3. Earmark One Credit Card for Online Purchases. By dedicating only one credit card for Internet shopping, you can quickly discover where any problem might have started when you’re verifying your statement. That also helps limit identity thieves to a single card to steal information from.

Don’t buy online with a debit card, says Hanson. Should someone steal your debit card number and use it, that money comes out of your account immediately. But with a credit card, you have recourse with the company backing the card as long as you report the theft in a timely manner.

Related: 10 Tips to Protect Yourself from Scammers This Tax Season

4. Shred Your Documents. We’ve been told numerous times that all mail containing our name, address and account numbers should go through the shredder. Hanson cautions that the envelopes those documents arrive in should also be destroyed.

“The envelope tells scammers what your credit card company is or where you bank,” she explains. “That might be the last piece of the puzzle the fraudster needs to steal your identity.”

5. Protect Your Mobile Phone. Even though it takes time and can be disruptive, Hanson recommends installing software updates as soon as you get them. This way all the bugs are fixed and the data on your phone is as secure as possible. As a further safeguard make sure your phone is password-protected.

Related: Taxpayers Lose $23 Million in IRS Phone Scam

A few more tips for playing it safe with your phone:

  • Only download apps from the official app store for your phone

  • Install virus protection software as you do on your computer (available for both iPhones and Androids)

  • Don’t make transactions when connected to public Wi-Fi.

6. Be Suspicious of Unknown Callers. Beware of anyone who dials your number and asks you to verify your personal information and/or asks you to send them money. Legitimate businesses don’t call you and ask for your name, address, credit card or bank account numbers. The same goes for the IRS, which notifies you by mail if there’s a problem.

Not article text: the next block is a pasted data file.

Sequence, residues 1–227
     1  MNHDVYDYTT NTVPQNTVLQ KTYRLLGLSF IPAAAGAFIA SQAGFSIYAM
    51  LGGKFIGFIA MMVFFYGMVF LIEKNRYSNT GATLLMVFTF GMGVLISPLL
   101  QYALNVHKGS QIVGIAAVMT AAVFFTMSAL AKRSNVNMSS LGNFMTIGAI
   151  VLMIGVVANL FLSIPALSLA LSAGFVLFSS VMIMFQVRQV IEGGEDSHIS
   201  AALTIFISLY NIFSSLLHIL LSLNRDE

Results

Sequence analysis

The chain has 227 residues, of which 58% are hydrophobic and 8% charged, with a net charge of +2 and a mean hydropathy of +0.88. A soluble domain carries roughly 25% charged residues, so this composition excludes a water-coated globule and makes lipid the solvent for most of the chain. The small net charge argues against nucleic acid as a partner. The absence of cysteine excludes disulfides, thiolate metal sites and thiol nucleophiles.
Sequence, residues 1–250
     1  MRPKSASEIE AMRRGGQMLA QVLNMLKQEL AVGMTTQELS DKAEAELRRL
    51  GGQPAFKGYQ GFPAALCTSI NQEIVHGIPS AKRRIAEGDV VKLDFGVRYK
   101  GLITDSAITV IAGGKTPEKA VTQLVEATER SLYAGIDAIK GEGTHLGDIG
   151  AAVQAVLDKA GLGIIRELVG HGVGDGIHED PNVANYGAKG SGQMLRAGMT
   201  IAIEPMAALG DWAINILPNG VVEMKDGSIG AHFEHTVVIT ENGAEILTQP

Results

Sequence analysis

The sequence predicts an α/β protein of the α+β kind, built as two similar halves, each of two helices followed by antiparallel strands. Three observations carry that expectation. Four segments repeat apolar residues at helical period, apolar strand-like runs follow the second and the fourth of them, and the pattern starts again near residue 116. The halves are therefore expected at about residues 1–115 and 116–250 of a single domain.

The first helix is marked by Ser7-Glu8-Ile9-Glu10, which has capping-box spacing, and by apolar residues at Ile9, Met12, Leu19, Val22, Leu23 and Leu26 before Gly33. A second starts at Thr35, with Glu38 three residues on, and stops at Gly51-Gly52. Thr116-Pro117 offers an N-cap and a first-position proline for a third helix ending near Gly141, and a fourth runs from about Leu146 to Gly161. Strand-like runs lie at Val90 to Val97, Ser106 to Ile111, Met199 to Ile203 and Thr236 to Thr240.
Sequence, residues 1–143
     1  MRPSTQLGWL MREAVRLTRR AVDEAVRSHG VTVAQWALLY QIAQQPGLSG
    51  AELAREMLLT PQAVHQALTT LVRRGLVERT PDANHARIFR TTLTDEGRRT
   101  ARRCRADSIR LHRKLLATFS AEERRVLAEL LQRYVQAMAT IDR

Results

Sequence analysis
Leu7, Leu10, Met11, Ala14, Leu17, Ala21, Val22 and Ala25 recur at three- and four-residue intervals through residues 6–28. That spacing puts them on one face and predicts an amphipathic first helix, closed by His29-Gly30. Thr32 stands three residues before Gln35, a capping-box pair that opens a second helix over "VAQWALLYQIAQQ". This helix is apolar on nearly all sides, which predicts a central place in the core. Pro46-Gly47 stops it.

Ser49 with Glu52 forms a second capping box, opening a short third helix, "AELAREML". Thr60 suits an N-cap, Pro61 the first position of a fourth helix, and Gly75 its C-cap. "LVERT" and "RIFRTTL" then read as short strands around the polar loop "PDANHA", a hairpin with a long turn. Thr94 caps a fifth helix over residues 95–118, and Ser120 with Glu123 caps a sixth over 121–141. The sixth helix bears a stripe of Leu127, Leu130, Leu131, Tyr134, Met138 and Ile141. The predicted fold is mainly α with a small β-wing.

Related: A New Scam Sends Fake Traffic Tickets to Speeding Drivers

7. Tread Lightly with Email and Texts. Those interested in stealing your identity may send you spam emails or text messages repeatedly. They might offer scholarships, partnerships or even free products and may look legitimate…until they ask for your personal information. This is called phishing, because the fraudsters are fishing for the information they need to steal your identity. Watch for the following:

  • The sender’s email address may mimic that of a trusted company, but isn’t identical.

  • Phishers often request you take urgent action.

  • They open the message with “Dear Customer” or “Dear Member” because they don’t have your name.

  • The emails contain misspelled words, incorrect grammar, links or attachments.

Related: Got an Email from the IRS? You’re Being Scammed

If you think the offer is a scam, you can visit www.scambusters.org to find out for sure. Keep your personal information secure by not clicking on any links associated with these emails nor any attachments. And don’t reply to them. If you want to check on any such alerts, contact your bank by using the number on your credit card or checkbook.